Me and the Quireboys go a-ways back. I first saw them when they were still called the Queerboys, was remarkably underwhelmed, and was then astonished when I realised that the Quireboys who were in the charts with '7 o'Clock' were the same band. Shame then, that after the success of "A Bit of What You Fancy", which got to number 2 in the UK album charts, that they were hit by the "Curse Of Sharon Osbourne", and saw their fortunes fade.
However, their twenty first century comeback albums ("This Is Rock'N'Roll" and "Well Oiled") and tours were thoroughly enjoyable, and given Jonathan 'Spike' Grays solo work, it's no great surprise that the new decade sees the Quireboys dusting down their back catalogue in acoustic fashion. And it's a real gem.
As befits a band who've led a ragged existence, this is no straight reworking project. Because as well as tilts at their own classic such as 'There She Goes
Again', 'Mona Lisa Smiled' and 'King Of New York', they also spring a few surprises with covers of Jim Reeves 'He'll Have To Go', a sensational take on Leo Sayer's 'Can't Stop Loving You' and, more sensibly, the UFO classic 'Love To Love'. They've generally eschewed their own hits, so don't come looking for the likes of '"Hey You' and ' I Don't Love You Anymore'. And there's definitely no 'Sex Party'!
However, what you get instead, are some well chosen album tracks, well arranged with lots of dobro, mandolin, lap steel and fiddle, along for the ride. It's a really enjoyable record, that shows just what great songwriters the Quireboys were. Highly recommended.
on 22 April 2010
Like the first reviewer I have been a Quireboys fan for many a year(they've just celebrated their 20th anniversary).This album is a really interesting combination of new songs,covers and classics done in a different style. The album is essentially accoustic, with added violin, slide guitar etc to add flavour and depth to the usual lineup. Spike's amazingly emotive and heartfelt vocals are really brought out in these new versions of classics such as King of New York and Mona Lisa Smile.If you haven't heard the Quireboys, why not give it a try. If you are an 'old' fan of the band, be prepared for something just a little different, but with the Quireboys' stamp all over it.Incidentally, if you get the chance to sed them on one of their accoustic sets you won't regret it. I have seen them a number of times but this 2 hour set was just stunning.An under-rated band who deserve mainstream success for the quality of the songs alone.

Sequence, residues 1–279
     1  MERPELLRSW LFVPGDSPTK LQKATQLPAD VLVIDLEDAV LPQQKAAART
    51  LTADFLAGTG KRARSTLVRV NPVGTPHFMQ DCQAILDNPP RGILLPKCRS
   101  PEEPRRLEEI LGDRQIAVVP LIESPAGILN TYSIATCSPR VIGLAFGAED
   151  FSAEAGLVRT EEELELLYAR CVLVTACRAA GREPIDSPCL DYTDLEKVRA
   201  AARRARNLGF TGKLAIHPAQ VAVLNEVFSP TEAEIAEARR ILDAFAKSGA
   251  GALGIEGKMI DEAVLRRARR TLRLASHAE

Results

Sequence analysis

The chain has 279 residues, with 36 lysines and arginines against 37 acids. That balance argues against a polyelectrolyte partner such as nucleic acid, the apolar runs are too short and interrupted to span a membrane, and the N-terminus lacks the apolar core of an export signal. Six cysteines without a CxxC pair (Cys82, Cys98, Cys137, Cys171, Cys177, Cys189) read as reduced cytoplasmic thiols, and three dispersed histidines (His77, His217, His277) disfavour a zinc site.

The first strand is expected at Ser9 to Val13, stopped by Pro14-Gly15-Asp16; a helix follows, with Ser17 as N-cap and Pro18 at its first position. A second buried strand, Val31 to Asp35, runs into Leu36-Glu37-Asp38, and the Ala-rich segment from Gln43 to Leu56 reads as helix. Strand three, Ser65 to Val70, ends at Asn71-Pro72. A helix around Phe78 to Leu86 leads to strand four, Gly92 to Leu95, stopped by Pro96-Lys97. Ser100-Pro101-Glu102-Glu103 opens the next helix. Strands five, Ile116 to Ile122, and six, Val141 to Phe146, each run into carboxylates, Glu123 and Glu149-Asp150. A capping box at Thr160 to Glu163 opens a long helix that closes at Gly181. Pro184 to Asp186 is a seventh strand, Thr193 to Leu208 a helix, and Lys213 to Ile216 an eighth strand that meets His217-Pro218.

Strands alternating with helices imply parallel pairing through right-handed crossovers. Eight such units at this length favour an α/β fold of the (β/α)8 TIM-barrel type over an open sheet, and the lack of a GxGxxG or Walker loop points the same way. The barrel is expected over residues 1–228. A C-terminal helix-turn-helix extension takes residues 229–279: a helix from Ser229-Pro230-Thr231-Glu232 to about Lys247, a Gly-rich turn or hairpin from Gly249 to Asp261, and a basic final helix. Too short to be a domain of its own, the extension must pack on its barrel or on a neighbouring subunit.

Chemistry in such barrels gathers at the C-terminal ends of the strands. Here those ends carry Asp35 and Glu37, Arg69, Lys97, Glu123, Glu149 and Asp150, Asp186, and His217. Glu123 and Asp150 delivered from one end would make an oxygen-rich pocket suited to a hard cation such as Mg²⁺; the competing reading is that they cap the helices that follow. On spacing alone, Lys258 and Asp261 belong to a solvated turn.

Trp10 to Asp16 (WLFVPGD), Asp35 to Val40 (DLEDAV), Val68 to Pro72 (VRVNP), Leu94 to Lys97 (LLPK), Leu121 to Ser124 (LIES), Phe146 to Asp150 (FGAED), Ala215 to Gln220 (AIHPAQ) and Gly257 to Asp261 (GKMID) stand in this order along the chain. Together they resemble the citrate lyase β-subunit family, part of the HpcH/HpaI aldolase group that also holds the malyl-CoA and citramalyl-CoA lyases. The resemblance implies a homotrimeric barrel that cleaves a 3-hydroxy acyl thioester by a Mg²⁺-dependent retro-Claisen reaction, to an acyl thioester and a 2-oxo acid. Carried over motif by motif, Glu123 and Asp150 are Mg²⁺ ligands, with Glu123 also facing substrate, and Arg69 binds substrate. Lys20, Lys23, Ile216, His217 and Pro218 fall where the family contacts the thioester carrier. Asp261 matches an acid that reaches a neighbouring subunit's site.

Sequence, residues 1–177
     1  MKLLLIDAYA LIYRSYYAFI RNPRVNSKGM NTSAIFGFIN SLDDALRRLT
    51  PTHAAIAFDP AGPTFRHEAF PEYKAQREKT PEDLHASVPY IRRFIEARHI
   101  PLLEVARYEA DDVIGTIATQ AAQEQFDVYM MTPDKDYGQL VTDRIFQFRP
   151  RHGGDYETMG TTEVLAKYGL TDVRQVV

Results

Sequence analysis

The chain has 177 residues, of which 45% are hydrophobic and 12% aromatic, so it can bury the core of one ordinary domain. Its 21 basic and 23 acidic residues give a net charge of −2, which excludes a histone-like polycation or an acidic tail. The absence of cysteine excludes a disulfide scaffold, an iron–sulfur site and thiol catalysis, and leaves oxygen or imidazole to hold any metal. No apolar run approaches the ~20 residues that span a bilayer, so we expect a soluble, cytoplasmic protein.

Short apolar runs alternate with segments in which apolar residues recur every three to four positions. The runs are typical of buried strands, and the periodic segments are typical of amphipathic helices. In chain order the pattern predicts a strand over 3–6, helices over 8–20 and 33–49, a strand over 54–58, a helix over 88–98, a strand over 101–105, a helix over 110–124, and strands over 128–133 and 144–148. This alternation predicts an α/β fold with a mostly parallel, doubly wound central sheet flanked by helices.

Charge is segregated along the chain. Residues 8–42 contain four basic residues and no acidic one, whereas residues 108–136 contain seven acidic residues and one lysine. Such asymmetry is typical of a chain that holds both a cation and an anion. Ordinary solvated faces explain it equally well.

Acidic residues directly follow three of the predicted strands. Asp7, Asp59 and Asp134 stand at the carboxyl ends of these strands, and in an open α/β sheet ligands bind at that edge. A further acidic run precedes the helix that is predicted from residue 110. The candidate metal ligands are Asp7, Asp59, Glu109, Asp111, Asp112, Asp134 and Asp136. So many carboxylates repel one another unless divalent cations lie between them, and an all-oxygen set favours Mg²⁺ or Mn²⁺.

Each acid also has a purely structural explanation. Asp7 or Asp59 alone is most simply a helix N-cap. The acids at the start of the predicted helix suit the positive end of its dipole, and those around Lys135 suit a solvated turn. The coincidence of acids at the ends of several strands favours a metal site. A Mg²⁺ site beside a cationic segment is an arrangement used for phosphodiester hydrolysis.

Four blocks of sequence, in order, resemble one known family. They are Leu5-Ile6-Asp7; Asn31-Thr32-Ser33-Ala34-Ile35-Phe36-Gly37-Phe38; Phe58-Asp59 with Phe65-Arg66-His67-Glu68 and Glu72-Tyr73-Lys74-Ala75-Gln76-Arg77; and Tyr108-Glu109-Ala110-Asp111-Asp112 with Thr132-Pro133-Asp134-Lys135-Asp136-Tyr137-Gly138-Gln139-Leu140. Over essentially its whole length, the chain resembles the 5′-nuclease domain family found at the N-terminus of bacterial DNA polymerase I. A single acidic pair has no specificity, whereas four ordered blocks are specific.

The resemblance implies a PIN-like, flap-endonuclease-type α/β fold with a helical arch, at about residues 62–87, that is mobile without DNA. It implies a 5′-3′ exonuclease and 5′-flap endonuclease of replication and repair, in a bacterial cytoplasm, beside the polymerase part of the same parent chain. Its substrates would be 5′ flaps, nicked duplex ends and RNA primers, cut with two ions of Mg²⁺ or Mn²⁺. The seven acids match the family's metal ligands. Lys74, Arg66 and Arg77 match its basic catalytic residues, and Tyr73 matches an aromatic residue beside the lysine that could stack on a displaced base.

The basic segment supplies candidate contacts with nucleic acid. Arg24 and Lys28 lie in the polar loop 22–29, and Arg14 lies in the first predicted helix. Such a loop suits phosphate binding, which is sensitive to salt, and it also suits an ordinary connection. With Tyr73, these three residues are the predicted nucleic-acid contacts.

on 7 January 2011
This is a gem of an album for those familiar with the Quireboys. All these years on and the whiskey soaked vocals are as good as ever, if not better, with a real laid-back groove. So why does it drop a star? Two reasons;
I think it's important that the listener is familiar with the original tunes. Only once you have a feel for the original swagger and honk, the vibe that grabs you by the balls and lifts you above the mainstream, can you truely appreciated these stripped back beauties. I personally believe a new listener buying this compilation of hits as an introduction to the band would be missing out. There are better one-off purchases to get to know the Quireboys.
Secondly,a couple of the tracks on here don't offer anything new. Roses And Rings, Hates To Please, King Of New York, were all pretty laid back offerings to start with.
But don't get me wrong, overall the album is a delight. Once you know the Quireboys, this is an essential purchase. Sit back, have a few jars and immerse yourself. It's so good, it may even bring a tear to your eye.